2021 is the year of releasing brutal games set on a loop, with Returnal and Death Loop being the two major titles everyone is talking about. You play, you die, you go back to the beginning to make different choices and see how everything changes.
This feels about right. 2020 was a year on a loop. Every day felt the same, filled with horror, misery and death counts (in most countries and Melbourne, at least). 2020 messed most of us up in ways we’re probably not going to let ourselves properly feel for years, and it’s changed us in ways both good and bad, the majority of ways entirely valid and understandable.
I was supposed to write this about my experiences playing all the way through Returnal, but instead I think I have to admit something: I’m not ready to go back to serious games with heavy themes yet.
I know I should be. I know the pandemic is going pretty fine in Australia. It’s been nearly three months since I was last in a hard lockdown, but I’m still not there yet. And I’ve decided that it’s fine.
Like a lot of people, in 2020 I pivoted to watching and playing more comforting games and stories; the world sucked enough already that I didn’t want to put myself in a world where everything felt bleak. My solo games of choice became Forza Motorsport 7 (while I continue to wait patiently for Turn 10 to get around to the support tickets I’ve been submitting for Forza Horizon 4 for the last ten months), Fall Guys and NBA 2K21. Also, a lot more cute couch co-op, like New Super Mario Bros U Deluxe and Sackboy: A Big Adventure.
Returnal was going to be my return (heh) to playing serious games, but I’m struggling to get through it. Everything in the world of Returnal is hard and brutal and brilliant. The emotional threads it pulls are expertly done, and the stress, loss and fear come through perfectly.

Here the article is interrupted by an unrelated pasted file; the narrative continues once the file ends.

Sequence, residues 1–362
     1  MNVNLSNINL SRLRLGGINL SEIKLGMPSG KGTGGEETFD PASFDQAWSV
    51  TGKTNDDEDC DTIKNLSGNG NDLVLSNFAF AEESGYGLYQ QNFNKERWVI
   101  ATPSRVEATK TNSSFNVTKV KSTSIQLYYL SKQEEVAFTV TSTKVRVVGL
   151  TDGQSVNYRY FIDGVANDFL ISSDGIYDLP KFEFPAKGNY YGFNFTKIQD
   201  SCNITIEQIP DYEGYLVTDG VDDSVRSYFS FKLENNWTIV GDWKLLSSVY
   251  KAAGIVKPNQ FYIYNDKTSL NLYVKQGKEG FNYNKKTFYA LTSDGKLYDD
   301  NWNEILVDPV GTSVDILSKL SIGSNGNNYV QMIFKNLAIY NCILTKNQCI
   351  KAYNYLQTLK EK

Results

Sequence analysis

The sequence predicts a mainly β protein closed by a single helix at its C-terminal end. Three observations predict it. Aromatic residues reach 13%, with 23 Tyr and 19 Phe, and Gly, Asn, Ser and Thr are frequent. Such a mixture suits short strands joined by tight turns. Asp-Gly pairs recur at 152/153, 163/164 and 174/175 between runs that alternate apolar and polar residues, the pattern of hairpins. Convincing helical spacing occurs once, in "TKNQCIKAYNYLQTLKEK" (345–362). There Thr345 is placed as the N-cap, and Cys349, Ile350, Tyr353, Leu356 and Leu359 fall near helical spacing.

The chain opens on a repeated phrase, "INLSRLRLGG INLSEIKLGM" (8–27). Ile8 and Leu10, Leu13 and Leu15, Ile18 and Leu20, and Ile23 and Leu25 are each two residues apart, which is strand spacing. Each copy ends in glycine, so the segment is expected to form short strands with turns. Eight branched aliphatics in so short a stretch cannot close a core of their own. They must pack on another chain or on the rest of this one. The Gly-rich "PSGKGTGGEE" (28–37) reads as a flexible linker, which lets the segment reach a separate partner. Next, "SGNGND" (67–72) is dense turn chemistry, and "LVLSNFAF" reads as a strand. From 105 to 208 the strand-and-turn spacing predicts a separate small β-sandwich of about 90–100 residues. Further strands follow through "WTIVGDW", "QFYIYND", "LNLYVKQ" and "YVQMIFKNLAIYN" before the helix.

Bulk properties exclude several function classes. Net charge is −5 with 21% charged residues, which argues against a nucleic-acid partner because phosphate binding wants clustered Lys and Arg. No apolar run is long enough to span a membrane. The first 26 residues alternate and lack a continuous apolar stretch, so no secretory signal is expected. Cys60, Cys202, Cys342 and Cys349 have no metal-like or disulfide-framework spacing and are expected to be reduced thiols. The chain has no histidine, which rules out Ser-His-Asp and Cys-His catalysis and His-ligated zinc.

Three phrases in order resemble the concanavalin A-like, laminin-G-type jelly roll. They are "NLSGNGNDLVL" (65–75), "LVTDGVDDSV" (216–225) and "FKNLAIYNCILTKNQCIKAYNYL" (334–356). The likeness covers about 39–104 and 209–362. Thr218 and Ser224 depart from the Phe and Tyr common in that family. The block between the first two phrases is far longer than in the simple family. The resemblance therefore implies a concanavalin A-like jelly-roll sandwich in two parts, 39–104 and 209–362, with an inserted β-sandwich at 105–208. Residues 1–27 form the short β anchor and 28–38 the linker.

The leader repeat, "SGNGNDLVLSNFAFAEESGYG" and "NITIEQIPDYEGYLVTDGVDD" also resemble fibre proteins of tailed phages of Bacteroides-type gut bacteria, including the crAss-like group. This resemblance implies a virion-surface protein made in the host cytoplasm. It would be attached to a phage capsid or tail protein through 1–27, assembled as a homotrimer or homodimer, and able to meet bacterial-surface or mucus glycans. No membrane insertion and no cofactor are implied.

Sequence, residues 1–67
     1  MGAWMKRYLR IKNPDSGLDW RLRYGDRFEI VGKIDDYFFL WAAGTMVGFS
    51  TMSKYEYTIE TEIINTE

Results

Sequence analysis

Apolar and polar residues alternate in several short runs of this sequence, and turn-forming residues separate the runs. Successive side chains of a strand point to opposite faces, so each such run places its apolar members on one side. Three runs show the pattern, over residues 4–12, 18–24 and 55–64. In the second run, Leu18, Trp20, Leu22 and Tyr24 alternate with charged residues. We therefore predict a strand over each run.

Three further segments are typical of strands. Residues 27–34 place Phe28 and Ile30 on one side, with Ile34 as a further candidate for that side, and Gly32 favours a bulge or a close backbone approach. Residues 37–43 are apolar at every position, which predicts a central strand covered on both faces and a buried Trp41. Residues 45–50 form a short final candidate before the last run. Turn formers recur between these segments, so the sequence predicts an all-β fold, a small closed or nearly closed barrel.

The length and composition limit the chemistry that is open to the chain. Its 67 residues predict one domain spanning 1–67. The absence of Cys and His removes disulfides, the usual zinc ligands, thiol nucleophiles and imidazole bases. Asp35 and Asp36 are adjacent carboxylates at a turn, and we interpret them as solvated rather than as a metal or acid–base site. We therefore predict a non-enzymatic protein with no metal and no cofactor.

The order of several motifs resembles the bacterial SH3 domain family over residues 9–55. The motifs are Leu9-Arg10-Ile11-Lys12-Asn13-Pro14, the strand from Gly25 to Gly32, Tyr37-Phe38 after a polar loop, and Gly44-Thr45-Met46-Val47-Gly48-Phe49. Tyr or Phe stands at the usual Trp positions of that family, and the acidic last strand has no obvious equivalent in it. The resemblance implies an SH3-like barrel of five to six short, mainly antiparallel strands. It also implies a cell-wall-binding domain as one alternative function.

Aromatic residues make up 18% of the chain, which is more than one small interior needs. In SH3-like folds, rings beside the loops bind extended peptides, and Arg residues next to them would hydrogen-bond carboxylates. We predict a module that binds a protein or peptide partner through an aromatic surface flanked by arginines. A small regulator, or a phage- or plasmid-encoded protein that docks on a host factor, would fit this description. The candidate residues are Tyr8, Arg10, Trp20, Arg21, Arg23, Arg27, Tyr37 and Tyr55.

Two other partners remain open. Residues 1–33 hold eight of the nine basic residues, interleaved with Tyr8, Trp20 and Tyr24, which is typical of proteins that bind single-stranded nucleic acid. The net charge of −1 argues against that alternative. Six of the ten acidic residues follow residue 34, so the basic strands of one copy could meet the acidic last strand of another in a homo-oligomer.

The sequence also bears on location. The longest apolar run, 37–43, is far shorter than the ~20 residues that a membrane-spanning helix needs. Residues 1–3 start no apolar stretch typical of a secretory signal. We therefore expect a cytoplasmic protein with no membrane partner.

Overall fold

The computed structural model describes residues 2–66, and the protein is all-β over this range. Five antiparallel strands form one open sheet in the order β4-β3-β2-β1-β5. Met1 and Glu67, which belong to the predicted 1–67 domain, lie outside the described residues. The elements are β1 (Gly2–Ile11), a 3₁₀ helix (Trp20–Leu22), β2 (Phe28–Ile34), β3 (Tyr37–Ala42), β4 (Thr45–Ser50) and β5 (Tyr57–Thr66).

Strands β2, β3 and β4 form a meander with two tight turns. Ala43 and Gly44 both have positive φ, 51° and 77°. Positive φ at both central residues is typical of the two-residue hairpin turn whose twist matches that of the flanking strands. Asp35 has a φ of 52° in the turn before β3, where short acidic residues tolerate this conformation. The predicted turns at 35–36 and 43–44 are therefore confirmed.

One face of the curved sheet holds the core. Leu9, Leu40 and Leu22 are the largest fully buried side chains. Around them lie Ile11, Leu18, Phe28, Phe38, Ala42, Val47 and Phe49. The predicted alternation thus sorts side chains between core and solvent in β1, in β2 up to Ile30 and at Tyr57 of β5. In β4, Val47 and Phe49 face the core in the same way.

But while this used to be the kind of game I’d get through in a week or two, I can see this taking me months of playing little bits here and there, which is great value, but perhaps a little more telling about my mental state than I would like.
Eventually, probably when it’s no longer relevant, I’ll come back and let you know what I think once I’ve beaten the story. From what I’ve experienced so far, if you’re ready for a serious game and have a PS5, this is a pretty great place to start. There’s a lot of depth here.
However, every time I turn on my PS5 to get further in Returnal, I end up opening Sackboy: A Big Adventure and calling my wife over to do “just one level before I start playing the other game” and then an hour passes.
So, I’m going to talk about Sackboy instead.
Sackboy: A Big Adventure has been my favourite next-gen game so far. I absolutely adored Spider-Man, but the experiences I’ve had playing Sackboy as a family are something I’ll treasure for a long time to come.
It started so adorable, so innocent, so crafty, and with so many jokes, and then slowly became extremely stressful and difficult requiring each level be played multiple times to get through, dying and going back to the start to see how to do it differently this time.
While the dying and the stress sounds like what I described with Returnal, it’s Sackboy’s humour and lack of taking itself seriously that makes the stress and death funny, cute and enjoyable to overcome, rather than the dour seriousness of Returnal.
I guess there are a few morals to this story. It’s ok if you’re not ready to go back to your pre-pandemic media habits yet. While things might not currently personally suck, it just takes one momentary slip in hotel quarantine* for everything to start sucking again, and although we might eventually need to deal with that PTSD, today is not that day.
Another takeaway: Returnal is really cool if that’s currently what you might be into and have been able to get a PS5. But Sackboy: A Big Adventure is absolutely delightful and worth buying a second controller and gathering a friend or loved one to play with.
[*As we were publishing this piece, the news of the latest quarantine slip up hit the news…]
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Alice Clarke is an award winning freelance journalist, producer and presenter. She also co-curates the PAX Aus Diversity Lounge. In her spare time she plays the drums, lives in Forza Horizon and builds Lego.